EtOAc/MeOH (1:1), RT, 81 %. B-MeO-9-BBN = B-methoxy-9borabicyclo[3.3.l]nonane; DMF = N,N-dimethylformamide. NOEs used
to establish the stereochemistry of the tetrahydropyran moiety are
indicated in the structure next to compound 5.
tBuLi in the presence of B-MeO-9-BBN generated the
alkylborate 7, which was reacted in situ with enol phosphate
6 using aqueous Cs2CO3 as a base and [Pd(PPh3)4]as a catalyst
in DMF at room temperature to give acyclic enol ether 23.
The intermolecular Suzuki–Miyaura coupling of 6 and 7
predominated over the possible intramolecular Heck cyclization of 6. Subsequent RCM of 23 using the second-generation
Grubbs catalyst in toluene (5 mm) furnished the endocyclic
enol ether 24 in 78 % overall yield from 8. It was imperative to
carry out the cross-coupling process at room temperature,
since enol phosphate 6 was found to be rather labile under
alkaline conditions. Stereoselective hydrogenation of 24
cleanly afforded tetrahydropyran 5 in 81 % yield as a single
stereoisomer. The stereochemistry of the tetrahydropyran
moiety was established by NOE experiments as shown in
Scheme 5. Since we could not prepare the lactone-derived
enol phosphate 26 nor its triflate counterpart 27 from lactone
25,[16] the present Suzuki–Miyaura coupling/RCM sequence
would represent an efficient strategy for the synthesis of 2,4,6trisubstituted tetrahydropyrans.
Completion of the total synthesis of 2 is depicted in
Scheme 6. Removal of the TIPS group from 5 gave alcohol 28.
A two-stage oxidation of 28 and ensuing esterification
2008 Wiley-VCH Verlag GmbH & Co. KGaA, Weinheim
Angew. Chem. Int. Ed. 2008, 47, 4737 –4739
Keywords: macrolides · natural products ·
ring-closing metathesis · Suzuki–Miyaura coupling ·
total synthesis
Scheme 6. Reagents and conditions: a) TBAF, THF, RT, 97 %;
b) SO3·Pyr., Et3N, DMSO/CH2Cl2 (1:1), 0 8C; c) NaClO2, NaH2PO4, 2methyl-2-butene, tBuOH/H2O (1:1), RT; d) TMSCHN2, MeOH/benzene
(1:1), RT, 89 % (over 3 steps); e) DDQ, CH2Cl2/pH 7 buffer, RT, 92 %;
f) TMSOK, Et2O, RT, 100 %; g) 2,4,6-trichlorobenzoyl chloride, Et3N,
THF, RT; then DMAP, toluene, 80 8C, 100 %; h) H2, Pd(OH)2/C, THF/
MeOH (1:1), RT, 100 %; i) 4, DIAD, PPh3, benzene, RT, 61 %.
DIAD = diisopropylazodicarboxylate, TMS = trimethylsilyl; Pyr = pyridine.
delivered ester 29. Removal of the MPM group followed by
saponification[17] gave hydroxy acid 30, which was subjected to
macrolactonization under the Yamaguchi conditions[10] to
furnish macrolactone 31 in quantitative yield. After cleavage
of the BOM group by hydrogenolysis, the resultant alcohol 3
was coupled with the known acid 4[9] under the Mitsunobu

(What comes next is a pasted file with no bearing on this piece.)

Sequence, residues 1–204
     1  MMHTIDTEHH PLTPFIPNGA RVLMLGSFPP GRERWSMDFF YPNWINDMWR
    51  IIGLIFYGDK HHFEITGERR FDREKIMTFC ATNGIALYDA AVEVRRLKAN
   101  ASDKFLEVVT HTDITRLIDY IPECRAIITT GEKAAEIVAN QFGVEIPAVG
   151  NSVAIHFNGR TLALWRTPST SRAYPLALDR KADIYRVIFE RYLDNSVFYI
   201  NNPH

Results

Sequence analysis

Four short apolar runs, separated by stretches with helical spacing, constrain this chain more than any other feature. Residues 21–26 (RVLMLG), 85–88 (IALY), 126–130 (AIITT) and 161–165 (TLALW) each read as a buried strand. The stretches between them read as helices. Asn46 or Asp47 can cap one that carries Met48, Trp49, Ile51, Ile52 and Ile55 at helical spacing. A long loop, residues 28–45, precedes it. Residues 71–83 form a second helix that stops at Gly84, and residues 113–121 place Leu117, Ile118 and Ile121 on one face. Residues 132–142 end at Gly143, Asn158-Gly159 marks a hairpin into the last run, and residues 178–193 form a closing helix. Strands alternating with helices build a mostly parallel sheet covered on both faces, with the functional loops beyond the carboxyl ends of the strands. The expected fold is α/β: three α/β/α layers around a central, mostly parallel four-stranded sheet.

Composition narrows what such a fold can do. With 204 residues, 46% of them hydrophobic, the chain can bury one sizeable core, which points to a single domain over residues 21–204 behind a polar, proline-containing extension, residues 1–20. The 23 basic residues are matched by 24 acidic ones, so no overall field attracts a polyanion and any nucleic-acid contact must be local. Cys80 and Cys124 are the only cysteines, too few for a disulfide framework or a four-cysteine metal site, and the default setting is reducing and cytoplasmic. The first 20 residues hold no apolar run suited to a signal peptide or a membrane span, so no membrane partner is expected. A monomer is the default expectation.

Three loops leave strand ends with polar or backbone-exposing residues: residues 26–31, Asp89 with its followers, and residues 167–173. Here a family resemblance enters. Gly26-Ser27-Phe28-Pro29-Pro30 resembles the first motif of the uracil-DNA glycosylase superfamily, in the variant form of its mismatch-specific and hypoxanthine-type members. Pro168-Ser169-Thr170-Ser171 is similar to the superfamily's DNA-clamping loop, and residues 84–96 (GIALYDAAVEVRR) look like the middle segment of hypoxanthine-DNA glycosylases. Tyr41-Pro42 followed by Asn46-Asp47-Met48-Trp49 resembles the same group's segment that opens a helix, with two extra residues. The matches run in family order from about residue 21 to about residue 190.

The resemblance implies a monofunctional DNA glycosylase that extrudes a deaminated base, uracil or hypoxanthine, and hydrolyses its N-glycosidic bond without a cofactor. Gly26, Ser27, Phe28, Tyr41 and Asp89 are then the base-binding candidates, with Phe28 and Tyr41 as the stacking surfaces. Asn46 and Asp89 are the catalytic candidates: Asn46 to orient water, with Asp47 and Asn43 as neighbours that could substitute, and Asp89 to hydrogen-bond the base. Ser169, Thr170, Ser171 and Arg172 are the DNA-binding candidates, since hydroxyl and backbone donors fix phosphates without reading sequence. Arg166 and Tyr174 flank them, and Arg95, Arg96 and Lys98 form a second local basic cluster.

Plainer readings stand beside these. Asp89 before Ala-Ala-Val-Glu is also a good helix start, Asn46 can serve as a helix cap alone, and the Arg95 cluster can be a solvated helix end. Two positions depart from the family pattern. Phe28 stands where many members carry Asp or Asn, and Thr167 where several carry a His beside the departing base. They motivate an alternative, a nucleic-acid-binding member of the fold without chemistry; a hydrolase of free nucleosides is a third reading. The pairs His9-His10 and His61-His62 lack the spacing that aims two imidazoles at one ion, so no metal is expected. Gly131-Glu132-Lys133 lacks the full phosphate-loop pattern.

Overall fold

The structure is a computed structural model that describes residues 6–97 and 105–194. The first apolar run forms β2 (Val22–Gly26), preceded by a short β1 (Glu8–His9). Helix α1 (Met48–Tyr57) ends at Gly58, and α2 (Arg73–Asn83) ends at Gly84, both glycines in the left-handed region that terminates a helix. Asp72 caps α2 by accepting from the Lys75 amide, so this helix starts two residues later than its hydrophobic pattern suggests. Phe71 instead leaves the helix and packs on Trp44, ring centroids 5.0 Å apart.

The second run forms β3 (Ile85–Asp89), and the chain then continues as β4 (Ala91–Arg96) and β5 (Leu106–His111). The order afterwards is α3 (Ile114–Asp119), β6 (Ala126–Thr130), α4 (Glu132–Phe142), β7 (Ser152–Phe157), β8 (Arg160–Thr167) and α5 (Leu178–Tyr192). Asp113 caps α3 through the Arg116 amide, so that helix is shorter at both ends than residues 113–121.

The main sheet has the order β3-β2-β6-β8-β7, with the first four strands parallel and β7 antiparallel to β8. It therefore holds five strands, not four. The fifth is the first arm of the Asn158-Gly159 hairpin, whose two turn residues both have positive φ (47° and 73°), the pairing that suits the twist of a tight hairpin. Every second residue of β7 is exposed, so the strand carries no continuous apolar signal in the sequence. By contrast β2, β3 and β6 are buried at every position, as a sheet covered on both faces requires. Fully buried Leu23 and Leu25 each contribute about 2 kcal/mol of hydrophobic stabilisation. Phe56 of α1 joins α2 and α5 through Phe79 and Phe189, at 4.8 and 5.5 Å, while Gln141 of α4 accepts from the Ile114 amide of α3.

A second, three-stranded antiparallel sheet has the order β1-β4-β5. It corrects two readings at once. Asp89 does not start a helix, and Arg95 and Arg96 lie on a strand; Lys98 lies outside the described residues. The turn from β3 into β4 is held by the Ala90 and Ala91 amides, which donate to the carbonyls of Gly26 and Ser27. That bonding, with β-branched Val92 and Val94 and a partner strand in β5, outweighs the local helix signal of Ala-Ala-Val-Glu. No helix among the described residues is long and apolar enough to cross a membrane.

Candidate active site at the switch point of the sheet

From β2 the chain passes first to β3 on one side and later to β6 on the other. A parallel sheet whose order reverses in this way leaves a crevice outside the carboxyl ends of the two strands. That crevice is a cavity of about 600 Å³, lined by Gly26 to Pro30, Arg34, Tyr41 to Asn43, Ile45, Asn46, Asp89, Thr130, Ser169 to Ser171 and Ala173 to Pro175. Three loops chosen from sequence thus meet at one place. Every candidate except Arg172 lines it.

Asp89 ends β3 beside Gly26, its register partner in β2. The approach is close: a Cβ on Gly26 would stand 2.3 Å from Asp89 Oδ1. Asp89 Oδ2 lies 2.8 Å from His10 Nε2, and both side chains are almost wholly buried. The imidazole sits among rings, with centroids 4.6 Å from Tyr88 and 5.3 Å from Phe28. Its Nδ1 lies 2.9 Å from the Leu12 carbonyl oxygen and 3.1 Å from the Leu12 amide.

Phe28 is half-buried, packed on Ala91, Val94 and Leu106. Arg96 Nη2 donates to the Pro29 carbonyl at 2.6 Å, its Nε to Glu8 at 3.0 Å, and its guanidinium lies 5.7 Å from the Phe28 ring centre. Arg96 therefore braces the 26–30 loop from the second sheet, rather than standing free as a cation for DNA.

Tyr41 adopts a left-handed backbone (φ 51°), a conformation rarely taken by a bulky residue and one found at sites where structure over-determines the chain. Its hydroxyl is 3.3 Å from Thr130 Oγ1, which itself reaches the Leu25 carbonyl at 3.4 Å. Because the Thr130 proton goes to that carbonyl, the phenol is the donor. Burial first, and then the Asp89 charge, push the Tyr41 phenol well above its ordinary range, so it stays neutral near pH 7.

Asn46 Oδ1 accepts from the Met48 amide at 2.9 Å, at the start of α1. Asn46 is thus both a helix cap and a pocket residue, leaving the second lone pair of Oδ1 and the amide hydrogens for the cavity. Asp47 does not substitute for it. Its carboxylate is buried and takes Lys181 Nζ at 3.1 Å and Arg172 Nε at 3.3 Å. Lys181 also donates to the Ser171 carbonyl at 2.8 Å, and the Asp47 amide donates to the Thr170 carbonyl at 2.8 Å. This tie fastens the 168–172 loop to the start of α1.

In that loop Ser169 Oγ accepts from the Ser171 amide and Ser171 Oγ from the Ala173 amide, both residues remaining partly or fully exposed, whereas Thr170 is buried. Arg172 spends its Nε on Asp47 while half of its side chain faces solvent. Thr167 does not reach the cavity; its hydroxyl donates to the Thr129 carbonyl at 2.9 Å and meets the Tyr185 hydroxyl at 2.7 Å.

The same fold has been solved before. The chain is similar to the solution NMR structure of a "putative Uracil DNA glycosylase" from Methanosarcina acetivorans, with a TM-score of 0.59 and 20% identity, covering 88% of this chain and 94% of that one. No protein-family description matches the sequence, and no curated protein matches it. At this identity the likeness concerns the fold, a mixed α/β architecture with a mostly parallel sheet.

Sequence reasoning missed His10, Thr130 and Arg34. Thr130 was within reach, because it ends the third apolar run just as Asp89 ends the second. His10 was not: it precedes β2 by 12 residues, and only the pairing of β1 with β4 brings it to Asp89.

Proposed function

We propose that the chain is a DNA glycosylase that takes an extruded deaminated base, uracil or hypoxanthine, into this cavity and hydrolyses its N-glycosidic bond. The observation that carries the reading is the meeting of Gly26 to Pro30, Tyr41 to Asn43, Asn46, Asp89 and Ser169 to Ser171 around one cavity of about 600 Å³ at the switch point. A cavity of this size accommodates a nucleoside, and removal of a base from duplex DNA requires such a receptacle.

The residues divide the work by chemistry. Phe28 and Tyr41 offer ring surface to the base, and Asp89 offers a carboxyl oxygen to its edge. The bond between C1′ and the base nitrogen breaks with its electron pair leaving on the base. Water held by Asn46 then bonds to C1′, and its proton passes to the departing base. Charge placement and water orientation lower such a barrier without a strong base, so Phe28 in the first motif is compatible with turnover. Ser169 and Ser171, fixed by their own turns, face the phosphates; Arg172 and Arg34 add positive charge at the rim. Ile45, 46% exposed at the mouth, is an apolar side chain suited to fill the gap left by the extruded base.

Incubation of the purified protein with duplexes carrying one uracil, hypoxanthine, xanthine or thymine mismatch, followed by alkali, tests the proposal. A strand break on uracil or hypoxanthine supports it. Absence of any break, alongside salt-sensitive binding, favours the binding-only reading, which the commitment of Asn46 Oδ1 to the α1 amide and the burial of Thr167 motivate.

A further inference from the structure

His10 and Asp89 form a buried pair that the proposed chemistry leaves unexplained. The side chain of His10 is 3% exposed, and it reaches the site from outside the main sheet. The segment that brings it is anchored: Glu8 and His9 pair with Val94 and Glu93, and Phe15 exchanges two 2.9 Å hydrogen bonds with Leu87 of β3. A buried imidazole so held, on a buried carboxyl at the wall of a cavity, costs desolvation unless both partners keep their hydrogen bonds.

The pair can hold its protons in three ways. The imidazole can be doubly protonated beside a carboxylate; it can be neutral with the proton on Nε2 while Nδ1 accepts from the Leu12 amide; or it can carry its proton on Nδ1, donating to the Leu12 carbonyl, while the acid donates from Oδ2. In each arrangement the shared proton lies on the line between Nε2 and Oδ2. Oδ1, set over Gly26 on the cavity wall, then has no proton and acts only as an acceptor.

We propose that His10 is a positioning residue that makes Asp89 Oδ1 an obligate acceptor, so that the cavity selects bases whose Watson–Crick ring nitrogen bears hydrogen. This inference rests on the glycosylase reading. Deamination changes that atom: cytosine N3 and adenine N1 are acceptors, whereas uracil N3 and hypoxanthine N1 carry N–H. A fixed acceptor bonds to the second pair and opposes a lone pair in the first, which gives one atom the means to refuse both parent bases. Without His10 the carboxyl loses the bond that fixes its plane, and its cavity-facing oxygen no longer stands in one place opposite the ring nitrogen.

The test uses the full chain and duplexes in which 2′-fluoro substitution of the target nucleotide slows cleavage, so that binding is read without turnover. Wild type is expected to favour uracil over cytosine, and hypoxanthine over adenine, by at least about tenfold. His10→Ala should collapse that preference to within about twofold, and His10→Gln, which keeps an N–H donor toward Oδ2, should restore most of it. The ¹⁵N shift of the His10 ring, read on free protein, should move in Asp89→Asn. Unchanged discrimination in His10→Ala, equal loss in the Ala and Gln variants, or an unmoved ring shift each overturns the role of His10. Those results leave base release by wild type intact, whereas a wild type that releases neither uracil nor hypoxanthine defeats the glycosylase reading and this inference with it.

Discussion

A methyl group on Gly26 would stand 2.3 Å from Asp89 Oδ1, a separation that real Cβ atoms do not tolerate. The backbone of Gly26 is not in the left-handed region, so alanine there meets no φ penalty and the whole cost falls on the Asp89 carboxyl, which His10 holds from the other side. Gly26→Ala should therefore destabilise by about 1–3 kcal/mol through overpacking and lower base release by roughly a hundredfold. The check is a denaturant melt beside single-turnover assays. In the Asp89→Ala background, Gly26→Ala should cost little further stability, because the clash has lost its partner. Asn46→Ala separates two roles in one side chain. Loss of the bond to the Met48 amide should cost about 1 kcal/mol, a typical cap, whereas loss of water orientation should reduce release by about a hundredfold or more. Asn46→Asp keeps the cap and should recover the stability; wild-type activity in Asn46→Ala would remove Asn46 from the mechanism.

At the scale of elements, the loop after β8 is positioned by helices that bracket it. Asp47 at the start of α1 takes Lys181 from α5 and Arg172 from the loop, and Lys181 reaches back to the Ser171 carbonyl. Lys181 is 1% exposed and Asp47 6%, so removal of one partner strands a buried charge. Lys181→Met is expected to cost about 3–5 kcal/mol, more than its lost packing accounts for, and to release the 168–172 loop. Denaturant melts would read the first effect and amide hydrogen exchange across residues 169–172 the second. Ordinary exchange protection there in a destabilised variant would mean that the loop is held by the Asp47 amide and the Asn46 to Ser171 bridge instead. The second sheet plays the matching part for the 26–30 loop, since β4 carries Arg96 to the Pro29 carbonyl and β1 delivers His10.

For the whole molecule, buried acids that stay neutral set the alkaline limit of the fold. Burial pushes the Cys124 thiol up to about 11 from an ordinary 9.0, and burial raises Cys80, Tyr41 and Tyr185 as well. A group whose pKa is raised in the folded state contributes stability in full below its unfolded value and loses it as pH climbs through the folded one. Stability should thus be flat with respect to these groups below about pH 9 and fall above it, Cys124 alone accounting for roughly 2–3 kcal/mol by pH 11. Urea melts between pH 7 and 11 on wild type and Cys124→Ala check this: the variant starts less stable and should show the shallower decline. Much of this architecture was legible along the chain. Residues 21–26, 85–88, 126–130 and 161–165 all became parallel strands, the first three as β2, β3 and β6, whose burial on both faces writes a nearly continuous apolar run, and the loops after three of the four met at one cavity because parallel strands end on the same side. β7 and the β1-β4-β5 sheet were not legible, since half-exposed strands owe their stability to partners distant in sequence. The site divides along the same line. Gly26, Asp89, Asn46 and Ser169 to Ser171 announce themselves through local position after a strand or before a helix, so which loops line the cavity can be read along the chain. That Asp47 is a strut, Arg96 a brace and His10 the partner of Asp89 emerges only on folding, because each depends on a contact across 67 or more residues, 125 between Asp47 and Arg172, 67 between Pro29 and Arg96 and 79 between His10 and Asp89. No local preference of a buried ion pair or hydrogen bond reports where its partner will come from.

conditions to give (+)-neopeltolide (2). The spectroscopic
properties of the synthetic 2 were in full accordance with the
reported data.[3]
In summary, we have accomplished an efficient total
synthesis of (+)-neopeltolide (2), which was prepared in 25
steps (longest linear sequence) and in an excellent 8.3 %
overall yield from commercially available methyl (R)-( )-3hydroxy-2-methylpropiolate via the known compound 16.
The highlight of the present total synthesis is the convergent
synthesis of the 2,4,6-trisubstituted tetrahydropyran substructure based on the Suzuki–Miyaura coupling/RCM sequence.
Further application of this strategy to the synthesis of other
natural products is currently under investigation.
[1] A. E. Wright, J. C. Botelho, E. GuzmEn, D. Harmody, P. Linley,
P. J. McCarthy, T. P. Pitts, S. A. Pomponi, J. K. Reed, J. Nat. Prod.
2007, 70, 412.
[2] W. Youngsaye, J. T. Lowe, F. Pohlki, P. Falifo, J. S. Panek, Angew.
Chem. 2007, 119, 9371; Angew. Chem. Int. Ed. 2007, 46, 9211.
[3] D. W. Custer, T. P. Zabawa, K. A. Scheidt, J. Am. Chem. Soc.
2008, 130, 804.
[4] V. V. Vintonyak, M. E. Maier, Org. Lett. 2008, 10, 1239.
[5] S. K. Woo, M. S. Kwon, E. Lee, Angew. Chem. 2008, 120, 3286;
Angew. Chem. Int. Ed. 2008, 47, 3242.
[6] For reviews of Suzuki–Miyaura coupling, see: a) N. Miyaura, A.
Suzuki, Chem. Rev. 1995, 95, 2457; b) S. R. Chemler, D. Trauner,
S. J. Danishefsky, Angew. Chem. 2001, 113, 4676; Angew. Chem.
Int. Ed. 2001, 40, 4544.
[7] For reviews of ring-closing metathesis, see: a) A. FIrstner,
Angew. Chem. 2000, 112, 3140; Angew. Chem. Int. Ed. 2000, 39,
3012; b) K. C. Nicolaou, P. G. Bulger, D. Sarlah, Angew. Chem.
2005, 117, 4564; Angew. Chem. Int. Ed. 2005, 44, 4490.
[8] O. Mitsunobu, Synthesis 1981, 1.
[9] Y. Yang, J. Janjic, S. A. Kozmin, J. Am. Chem. Soc. 2002, 124,
13 670.
[10] J. Inanaga, K. Hirata, H. Saeki, T. Katsuki, M. Yamaguchi, Bull.
Chem. Soc. Jpn. 1979, 52, 1989.
[11] For our successful implementation of enol phosphates in
palladium-catalyzed synthesis of heterocycles, see: a) M.
Sasaki, H. Fuwa, M. Ishikawa, K. Tachibana, Org. Lett. 1999,
1, 1075; b) M. Sasaki, M. Ishikawa, H. Fuwa, K. Tachibana,
Tetrahedron 2002, 58, 1889; c) H. Fuwa, N. Kainuma, K.
Tachibana, M. Sasaki, J. Am. Chem. Soc. 2002, 124, 14983;
d) C. Tsukano, M. Ebine, M. Sasaki, J. Am. Chem. Soc. 2005, 127,
4326; e) H. Fuwa, M. Ebine, A. J. Bourdelais, D. G. Baden, M.
Sasaki, J. Am. Chem. Soc. 2006, 128, 16989; f) H. Fuwa, A.
Kaneko, Y. Sugimoto, T. Tomita, T. Iwatsubo, M. Sasaki,
Heterocycles 2006, 70, 101; g) H. Fuwa, M. Sasaki, Org.
Biomol. Chem. 2007, 5, 1849; h) H. Fuwa, M. Sasaki, Chem.
Commun. 2007, 2876; i) H. Fuwa, M. Sasaki, Org. Lett. 2007, 9,
[12] For other examples of the synthesis of endocyclic enol ethers
employing RCM, see: a) K. C. Nicolaou, M. H. D. Postema, C. F.
Claiborne, J. Am. Chem. Soc. 1996, 118, 1565; b) J. D. Rainier,
S. P. Allwein, J. Org. Chem. 1998, 63, 5310; c) D. Calimente,
M. H. D. Postema, J. Org. Chem. 1999, 64, 1770; d) J. S. Clark,
M. C. Kimber, J. Robertson, C. S. P. McErlean, C. Wilson,
Angew. Chem. 2005, 117, 6313; Angew. Chem. Int. Ed. 2005,
44, 6157.
[13] H. C. Brown, P. K. Jadhav, J. Am. Chem. Soc. 1981, 105, 2092.
[14] For a review of olefin cross-metathesis, see: S. J. Connon, S.
Blechert, Angew. Chem. 2003, 115, 1944; Angew. Chem. Int. Ed.
2003, 42, 1900.
[15] F. Keyling-Bilger, G. Schimitt, A. Beck, B. Luu, Tetrahedron
1996, 52, 14891.
[16] Treatment of lactone 25 with KHMDS or LHMDS resulted in
decomposition of the starting material, even in the presence of
(PhO)2P(O)Cl, PhNTf2, or Comins reagent (2-[N,N-bis(trifluoromethylsulfonyl)amino]-5-chloropyridine).
[17] E. D. Laganis, B. L. Chenard, Tetrahedron Lett. 1984, 25, 5831.
Received: March 24, 2008
Published online: May 19, 2008
Angew. Chem. Int. Ed. 2008, 47, 4737 –4739